The difference from Definition 1.1 is that each non-empty set is considered separately and there are no permutations of the set. We note that for even predicates, the first co-ordinates in the body corresponding to the first moments (i.e. “biases”) can be assumed to be identically zero and then the characterization boils down to one in [5] (though there it is stated differently).

We point out some directions left open by the discussion so far (we do not consider these as the focus of the current paper). Firstly, it would be nice to show that our characterization is decidable. Secondly, we are not aware of an approximation resistant predicate where one needs a combination of more than one hard to round points in . In other words, it might be the case that for every approximation resistant predicate, there exists a vanishing measure on that is concentrated on a single point or on a bounded number of points with an a priori bound. If this were the case, our characterization will be decidable (we omit the proof). In this regard, it would be interesting to investigate the example of an arity predicate in [4], Example 8.7 therein. The authors show that the predicate is approximation resistant by presenting a hard to round point. However, the approximation resistance is shown in an ad hoc manner that, as far as we see, does not immediately give a vanishing measure . Such a measure must exist by our results and would perhaps require a combination of more than one point. Thirdly, it will be interesting to show that for some special classes of predicates our characterization takes a much simpler form. For instance, [11] asks whether there is a linear threshold predicate that is approximation resistant. It would be nice if for such predicates our characterization takes a simpler form and leads to a resolution of the question. Finally, for predicates that do not satisfy our characterization and hence not approximation resistant, our result suggests that there are sophisticated rounding algorithms whose analysis may require looking at terms at level and above in the Fourier representation (as opposed to only using terms at first and second level). We do not yet have explicit examples and leave it as an exciting open question.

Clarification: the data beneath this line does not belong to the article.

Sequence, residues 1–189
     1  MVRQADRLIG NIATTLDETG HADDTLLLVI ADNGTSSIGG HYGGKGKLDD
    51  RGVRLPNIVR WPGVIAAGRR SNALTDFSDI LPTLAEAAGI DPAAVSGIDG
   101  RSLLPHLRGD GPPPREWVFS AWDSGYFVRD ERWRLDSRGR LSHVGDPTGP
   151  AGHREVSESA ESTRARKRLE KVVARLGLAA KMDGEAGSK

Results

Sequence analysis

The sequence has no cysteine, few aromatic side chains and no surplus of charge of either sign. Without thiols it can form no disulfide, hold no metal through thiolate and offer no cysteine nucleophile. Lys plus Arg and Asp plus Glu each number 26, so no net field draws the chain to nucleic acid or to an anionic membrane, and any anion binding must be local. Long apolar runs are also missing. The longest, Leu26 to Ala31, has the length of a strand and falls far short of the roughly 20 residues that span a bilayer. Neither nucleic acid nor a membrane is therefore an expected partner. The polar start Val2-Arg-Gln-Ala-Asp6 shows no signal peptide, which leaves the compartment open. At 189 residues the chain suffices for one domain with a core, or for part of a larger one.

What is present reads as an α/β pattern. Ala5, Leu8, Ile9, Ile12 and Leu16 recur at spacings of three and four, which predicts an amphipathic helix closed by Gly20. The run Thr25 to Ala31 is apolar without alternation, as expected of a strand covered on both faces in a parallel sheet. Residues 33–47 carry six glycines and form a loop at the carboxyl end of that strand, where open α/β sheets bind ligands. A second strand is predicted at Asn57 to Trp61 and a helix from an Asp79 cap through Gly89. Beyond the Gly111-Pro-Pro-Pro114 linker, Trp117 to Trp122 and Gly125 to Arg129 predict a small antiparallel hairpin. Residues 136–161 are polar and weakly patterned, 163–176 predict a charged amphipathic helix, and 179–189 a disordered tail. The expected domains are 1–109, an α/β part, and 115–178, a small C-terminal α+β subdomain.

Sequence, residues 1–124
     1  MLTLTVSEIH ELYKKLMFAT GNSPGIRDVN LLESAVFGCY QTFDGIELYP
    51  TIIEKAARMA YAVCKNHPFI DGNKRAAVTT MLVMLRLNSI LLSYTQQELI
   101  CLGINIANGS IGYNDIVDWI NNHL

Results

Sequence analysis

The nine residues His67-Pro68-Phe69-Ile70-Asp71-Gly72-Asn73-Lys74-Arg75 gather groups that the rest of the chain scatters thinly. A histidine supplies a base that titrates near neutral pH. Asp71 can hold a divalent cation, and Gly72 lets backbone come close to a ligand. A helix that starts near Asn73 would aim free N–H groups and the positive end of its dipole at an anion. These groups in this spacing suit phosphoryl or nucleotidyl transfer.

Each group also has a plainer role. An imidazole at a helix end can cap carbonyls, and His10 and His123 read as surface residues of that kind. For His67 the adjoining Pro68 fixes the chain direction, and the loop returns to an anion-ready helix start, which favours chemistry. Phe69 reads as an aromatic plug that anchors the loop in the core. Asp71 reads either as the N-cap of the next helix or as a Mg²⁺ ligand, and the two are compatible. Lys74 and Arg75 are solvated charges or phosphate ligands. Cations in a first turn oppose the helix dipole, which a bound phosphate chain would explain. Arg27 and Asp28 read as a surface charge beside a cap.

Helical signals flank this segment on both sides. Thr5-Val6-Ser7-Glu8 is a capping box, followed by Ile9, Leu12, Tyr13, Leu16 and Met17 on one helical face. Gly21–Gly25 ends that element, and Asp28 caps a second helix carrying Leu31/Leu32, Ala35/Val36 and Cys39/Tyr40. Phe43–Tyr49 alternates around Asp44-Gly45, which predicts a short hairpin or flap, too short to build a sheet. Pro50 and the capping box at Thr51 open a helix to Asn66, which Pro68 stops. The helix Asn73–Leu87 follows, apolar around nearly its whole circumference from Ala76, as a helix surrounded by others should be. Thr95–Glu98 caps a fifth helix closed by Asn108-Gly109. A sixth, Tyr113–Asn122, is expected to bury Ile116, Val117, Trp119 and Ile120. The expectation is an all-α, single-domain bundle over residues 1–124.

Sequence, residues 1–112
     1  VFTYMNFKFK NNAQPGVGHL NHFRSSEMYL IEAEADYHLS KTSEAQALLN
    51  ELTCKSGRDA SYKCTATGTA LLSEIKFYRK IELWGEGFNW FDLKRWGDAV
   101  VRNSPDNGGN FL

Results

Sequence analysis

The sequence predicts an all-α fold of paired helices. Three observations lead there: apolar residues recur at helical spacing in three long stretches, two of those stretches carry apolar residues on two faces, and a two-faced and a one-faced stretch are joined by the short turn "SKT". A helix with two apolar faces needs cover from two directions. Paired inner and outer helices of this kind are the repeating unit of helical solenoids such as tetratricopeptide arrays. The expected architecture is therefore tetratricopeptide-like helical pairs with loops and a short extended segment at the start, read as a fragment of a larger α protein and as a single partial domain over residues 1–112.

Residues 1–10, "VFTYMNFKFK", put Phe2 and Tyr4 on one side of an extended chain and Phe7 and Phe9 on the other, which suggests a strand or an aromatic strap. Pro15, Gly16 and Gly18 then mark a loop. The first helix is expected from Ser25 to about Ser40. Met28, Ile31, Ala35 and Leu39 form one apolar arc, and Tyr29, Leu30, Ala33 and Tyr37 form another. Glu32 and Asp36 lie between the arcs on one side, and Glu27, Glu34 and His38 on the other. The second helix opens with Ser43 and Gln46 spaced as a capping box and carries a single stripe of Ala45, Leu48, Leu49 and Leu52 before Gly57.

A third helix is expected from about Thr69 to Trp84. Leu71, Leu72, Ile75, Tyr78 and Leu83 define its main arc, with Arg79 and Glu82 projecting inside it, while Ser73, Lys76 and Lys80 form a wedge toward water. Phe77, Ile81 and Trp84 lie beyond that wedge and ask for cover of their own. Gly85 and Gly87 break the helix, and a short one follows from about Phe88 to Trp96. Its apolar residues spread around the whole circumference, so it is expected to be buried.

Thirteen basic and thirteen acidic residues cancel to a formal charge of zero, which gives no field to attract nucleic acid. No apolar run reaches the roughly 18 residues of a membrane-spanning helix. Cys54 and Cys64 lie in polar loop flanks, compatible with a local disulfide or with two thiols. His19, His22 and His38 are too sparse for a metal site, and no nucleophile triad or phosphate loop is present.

Results for Linear and Semidefinite Relaxations

We now move onto a discussion about our results concerning the notion of approximation resistance in the context of linear and/or semi-definite programming relaxations. A CSP instance can be formulated as an integer program and its variables may be relaxed to assume real values (in the case of LP relaxation) or vector values (in the case of SDP relaxation). The integrality gap of a relaxation is the maximum gap between the optimum of the integer program and the optimum of the relaxed program. An integrality gap instance is a concrete instance of a CSP whose LP/SDP optimum is high and the integer optimum is low. Constructing such gap instances is taken as evidence that the LP/SDP based approach will not achieve good approximation to the CSP. The LP/SDP relaxation may be ad hoc or may be obtained by systematically adding inequalities, in successive rounds, each additional round yielding a potentially tighter relaxation. The latter method is referred to as an LP or SDP hierarchy and several such hierarchies have been proposed and well-studied [12].